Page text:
How's your resume looking these days? If you have experience with senior management and a passion for software, you may have what it takes to land at job at Hewlett Packard. Citing "people familiar with the matter," Bloomberg says more high level workers are getting ready to jump HP's ship, including senior vice presidents Marius Haas, Tom Iannotti, and Gary Budzinski.
Now's not a particularly good time to be working for Nokia, not unless you can handle the stress of wondering if you'll still have a job once the company eliminates 12 percent of its workers. As part of a new strategy to "align its global workforce and consolidate site operations," Nokia said it plans to hand out about 7,000 pink slips, including laying off 3,000 staff and transferring 3,000 more to Accenture, which will take over Nokia's legacy Symbian software division.
It's not often that you end up being paid more for being demoted or stepping down from your position as a high level exec. But for Eric Schmidt, the former CEO of Google who was recently replaced by Larry Page, his new position as Executive Chairman is a much more lucrative one. To be fair, even a gig flipping burgers at a fast food joint would have been more lucrative than the $1 annual salary he received as CEO, but there's not a fast food chain in the world that would have paid him $1.25 million a year, and that's before bonuses.
It looks like Intel isn't the only chip maker looking to out-muscle ARM in the tablet market. According to a recent job listing on AMD's website, the company is looking to hire Android driver development engineers, preferably those with experience in video decode acceleration. Reading between the lines, it appears AMD envisions itself powering an Android tablet sometime in the near future.
Playing out like a bad April Fool's prank, Acer CEO Gianfranco Lanci is stepping down from his position with the company after failing to come to an agreement with Acer's board on various business priorities. Acer made the surprise announcement on Thursday, saying that Lanci's resignation was approved at a meeting of its Board of Directors and is in effect immediately.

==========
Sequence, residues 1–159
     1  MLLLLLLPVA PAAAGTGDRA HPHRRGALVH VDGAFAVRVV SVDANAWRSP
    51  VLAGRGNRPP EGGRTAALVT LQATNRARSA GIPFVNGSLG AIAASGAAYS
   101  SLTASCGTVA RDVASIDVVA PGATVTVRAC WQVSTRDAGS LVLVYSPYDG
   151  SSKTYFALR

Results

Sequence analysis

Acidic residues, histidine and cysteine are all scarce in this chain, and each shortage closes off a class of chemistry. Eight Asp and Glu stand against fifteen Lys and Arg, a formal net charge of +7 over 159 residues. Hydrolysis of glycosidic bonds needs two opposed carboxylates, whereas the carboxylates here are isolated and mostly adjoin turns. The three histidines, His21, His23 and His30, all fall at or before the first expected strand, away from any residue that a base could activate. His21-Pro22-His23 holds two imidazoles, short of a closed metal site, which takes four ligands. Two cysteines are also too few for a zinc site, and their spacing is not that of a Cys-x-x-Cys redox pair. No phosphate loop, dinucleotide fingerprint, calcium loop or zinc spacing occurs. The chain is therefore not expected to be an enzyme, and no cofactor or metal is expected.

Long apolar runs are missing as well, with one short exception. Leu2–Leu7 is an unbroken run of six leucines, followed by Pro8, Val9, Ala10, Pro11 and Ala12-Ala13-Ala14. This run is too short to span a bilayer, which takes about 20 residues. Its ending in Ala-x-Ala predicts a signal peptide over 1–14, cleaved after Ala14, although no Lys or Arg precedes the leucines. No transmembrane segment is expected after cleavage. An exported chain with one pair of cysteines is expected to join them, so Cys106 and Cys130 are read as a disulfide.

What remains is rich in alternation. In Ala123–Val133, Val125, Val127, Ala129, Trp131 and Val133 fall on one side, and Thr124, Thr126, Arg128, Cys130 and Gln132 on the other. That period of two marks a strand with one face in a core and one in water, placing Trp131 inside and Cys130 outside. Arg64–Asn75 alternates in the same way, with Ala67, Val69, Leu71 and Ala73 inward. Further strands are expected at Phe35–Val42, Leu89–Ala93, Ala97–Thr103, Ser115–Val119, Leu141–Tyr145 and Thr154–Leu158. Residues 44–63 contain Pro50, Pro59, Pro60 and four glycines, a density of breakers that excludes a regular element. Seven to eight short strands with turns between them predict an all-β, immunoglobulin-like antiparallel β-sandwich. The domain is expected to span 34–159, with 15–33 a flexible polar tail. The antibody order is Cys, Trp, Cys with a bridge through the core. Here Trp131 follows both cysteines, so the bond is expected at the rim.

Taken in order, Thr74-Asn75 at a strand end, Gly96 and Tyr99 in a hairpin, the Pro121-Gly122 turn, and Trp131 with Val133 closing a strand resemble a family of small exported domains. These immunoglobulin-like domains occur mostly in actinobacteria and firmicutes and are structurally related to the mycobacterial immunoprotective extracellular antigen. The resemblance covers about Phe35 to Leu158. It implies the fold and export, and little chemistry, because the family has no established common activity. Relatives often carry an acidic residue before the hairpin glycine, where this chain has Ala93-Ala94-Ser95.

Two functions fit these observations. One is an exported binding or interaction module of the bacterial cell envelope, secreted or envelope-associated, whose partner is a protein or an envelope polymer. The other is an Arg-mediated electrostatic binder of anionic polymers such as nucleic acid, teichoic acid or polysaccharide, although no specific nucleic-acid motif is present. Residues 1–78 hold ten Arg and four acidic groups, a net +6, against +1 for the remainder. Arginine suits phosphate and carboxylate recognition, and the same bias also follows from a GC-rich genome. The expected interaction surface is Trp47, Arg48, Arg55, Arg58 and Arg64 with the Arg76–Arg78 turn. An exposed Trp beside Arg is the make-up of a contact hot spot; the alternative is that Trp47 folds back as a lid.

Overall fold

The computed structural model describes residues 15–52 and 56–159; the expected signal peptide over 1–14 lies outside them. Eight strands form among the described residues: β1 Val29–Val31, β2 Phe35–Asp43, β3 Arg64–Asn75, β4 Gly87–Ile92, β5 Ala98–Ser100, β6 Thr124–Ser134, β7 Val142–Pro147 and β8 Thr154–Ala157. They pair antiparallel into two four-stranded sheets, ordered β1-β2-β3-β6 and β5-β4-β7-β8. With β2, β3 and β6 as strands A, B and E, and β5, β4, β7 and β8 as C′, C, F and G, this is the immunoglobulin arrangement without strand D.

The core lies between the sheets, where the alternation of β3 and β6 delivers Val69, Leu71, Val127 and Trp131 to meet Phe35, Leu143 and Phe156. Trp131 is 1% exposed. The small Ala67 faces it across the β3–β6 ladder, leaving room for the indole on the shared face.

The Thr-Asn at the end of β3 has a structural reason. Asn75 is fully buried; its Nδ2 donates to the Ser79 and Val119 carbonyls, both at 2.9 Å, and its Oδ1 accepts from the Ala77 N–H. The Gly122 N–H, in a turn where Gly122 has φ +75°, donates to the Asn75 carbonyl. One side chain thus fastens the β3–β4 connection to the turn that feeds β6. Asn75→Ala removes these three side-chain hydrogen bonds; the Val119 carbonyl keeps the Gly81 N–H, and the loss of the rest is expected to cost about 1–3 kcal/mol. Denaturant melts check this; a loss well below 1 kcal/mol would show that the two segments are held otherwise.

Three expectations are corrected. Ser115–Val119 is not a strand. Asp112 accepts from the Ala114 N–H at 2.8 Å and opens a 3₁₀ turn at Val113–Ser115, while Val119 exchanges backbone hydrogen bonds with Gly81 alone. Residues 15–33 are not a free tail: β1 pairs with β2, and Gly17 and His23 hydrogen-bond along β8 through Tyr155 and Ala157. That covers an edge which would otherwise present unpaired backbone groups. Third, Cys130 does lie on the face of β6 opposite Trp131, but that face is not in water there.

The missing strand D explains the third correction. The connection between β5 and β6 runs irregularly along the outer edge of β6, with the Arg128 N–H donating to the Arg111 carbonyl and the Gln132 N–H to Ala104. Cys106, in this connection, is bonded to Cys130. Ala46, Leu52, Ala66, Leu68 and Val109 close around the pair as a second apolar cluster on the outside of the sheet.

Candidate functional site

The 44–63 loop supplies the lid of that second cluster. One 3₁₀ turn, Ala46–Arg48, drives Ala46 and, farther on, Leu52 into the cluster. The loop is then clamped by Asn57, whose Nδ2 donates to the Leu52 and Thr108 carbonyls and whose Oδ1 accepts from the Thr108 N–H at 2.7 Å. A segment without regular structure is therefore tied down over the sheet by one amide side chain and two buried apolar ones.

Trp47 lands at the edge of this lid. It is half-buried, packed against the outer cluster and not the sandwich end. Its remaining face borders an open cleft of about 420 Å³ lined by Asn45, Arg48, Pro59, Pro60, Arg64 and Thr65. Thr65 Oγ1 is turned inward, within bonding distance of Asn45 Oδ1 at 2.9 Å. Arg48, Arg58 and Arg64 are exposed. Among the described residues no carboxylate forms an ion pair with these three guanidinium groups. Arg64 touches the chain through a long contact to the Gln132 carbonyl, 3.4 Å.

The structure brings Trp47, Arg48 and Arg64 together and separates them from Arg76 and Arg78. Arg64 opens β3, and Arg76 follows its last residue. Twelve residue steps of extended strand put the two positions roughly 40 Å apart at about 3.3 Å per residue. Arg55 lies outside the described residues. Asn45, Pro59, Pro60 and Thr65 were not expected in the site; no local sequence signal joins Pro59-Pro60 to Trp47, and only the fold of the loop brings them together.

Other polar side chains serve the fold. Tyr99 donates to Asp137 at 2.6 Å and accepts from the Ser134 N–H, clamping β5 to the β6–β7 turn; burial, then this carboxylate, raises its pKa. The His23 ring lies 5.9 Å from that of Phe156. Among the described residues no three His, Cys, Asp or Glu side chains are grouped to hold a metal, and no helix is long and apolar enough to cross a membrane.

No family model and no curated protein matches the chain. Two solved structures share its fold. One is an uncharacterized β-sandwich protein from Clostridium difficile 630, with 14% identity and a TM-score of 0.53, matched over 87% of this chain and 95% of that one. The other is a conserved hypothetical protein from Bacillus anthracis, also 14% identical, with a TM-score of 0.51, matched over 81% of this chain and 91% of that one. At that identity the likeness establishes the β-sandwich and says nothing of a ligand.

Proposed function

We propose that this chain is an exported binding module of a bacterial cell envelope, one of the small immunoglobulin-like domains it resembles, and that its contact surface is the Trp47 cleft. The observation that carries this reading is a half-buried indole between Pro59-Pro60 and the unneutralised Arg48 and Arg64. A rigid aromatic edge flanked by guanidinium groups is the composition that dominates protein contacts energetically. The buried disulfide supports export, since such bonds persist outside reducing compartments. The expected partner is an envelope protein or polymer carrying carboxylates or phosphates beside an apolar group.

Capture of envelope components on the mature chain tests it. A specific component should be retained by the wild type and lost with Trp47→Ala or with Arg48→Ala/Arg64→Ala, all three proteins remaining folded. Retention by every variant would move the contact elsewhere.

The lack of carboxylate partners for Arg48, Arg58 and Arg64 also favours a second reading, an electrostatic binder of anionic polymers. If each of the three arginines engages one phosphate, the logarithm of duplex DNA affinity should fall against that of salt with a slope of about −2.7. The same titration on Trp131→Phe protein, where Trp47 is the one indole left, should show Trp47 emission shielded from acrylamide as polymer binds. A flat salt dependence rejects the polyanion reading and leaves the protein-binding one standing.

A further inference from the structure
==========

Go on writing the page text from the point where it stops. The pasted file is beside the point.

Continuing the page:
Microsoft may be looking for help developing a successor to the Xbox 360 console. The Redmond outfit posted a job notice on its Careers website looking for a graphics hardware guru in its Interactive Entertainment Business division. News of the position has been spreading like wildfire through cyberspace, prompting speculation that Microsoft is starting to put the pieces together for an Xbox 720, or whatever the next generation console might be called.
AOL's $315 million acquisition of The Huffington Post is nearly complete, and as the finish line approaches, job cuts can be seen on the horizon. If there's a bright side to this, it's that the job cuts won't come until after the deal is complete. But they are around the corner, because as AOL CEO Tim Armstrong put it, there's just no way to avoid making cuts.
Henry Chow spent more than 40 years at IBM in various positions, including more than a decade as General Manager of IBM's Greater China Group where he was responsible for overseeing IBM's operations in China, Hong Kong, and Taiwan. Now the 65-year-old former GM will spend time on AMD's Board of Directors, the chip maker announced this week.
Disney, home of the self-described happiest place on Earth, has laid off close to 200 employees as it tries to revamp its interactive media division, The Wall Street Journalreports.
Most of those pink slips ended up in the hands of employees working for Disney's console game operations, which formerly consisted of a staff of 700. Going forward, more layoffs are expected.
"As part of setting a strategic for future success in the digital media space, the Disney Interactive Media Group yesterday began a restructuring process," a Disney spokeswoman said in a statement.
The biggest blow coming from Disney's restructuring efforts includes the shuttering of one of its game studios, Progaganda Games, which worked on the Tron game. Looking ahead, it appears Disney is more interested in pursuing mobile and social games as the company attempts to lift its interactive media group out of the red.
IT pros notched another year of nearly flat salaries under their belts and on average generated salary increases of less than 1 percent ($73,384 from $78,845 in 2009), according to a new survey by technology and engineering career website Dice.com.
On the bright side, 49 percent of those surveyed said they received a raise in 2010, up from 36 percent in 2009. In addition, companies doled out bonuses to 29 percent of respondents in 2010 compared to 24 percent in 2009.
The result of all this is that half of the respondents said they were either "somewhat" or "very satisfied" over their pay, a slight increase from 46 percent in 2009, but employers shouldn't be content with this. Almost 40 percent said they believe they would get a bigger salary by switching employers in 2011.
"Companies can no longer get away with paltry salary increases for their technology staffs based on the demand we are seeing for talent," said Tom Silver, SVP, North America at Dice. "The moderate increases in satisfaction levels indicate that tech professionals’ concerns are being heard by some companies, but certainly not all. Retention is the key to driving additional contributions to the business from technology staffs. Employers that are reluctant to increase compensation or step-up retention efforts will likely pay for their unsatisfactory ways."
For those just getting into the IT field, average salaries are lower for professionals with less than two years experience, dropping 6 percent below their peak average in 2008. Learning Oracle could help with this, as Dice noted that Oracle experience was requested in more than 15,000 job postings on any given day.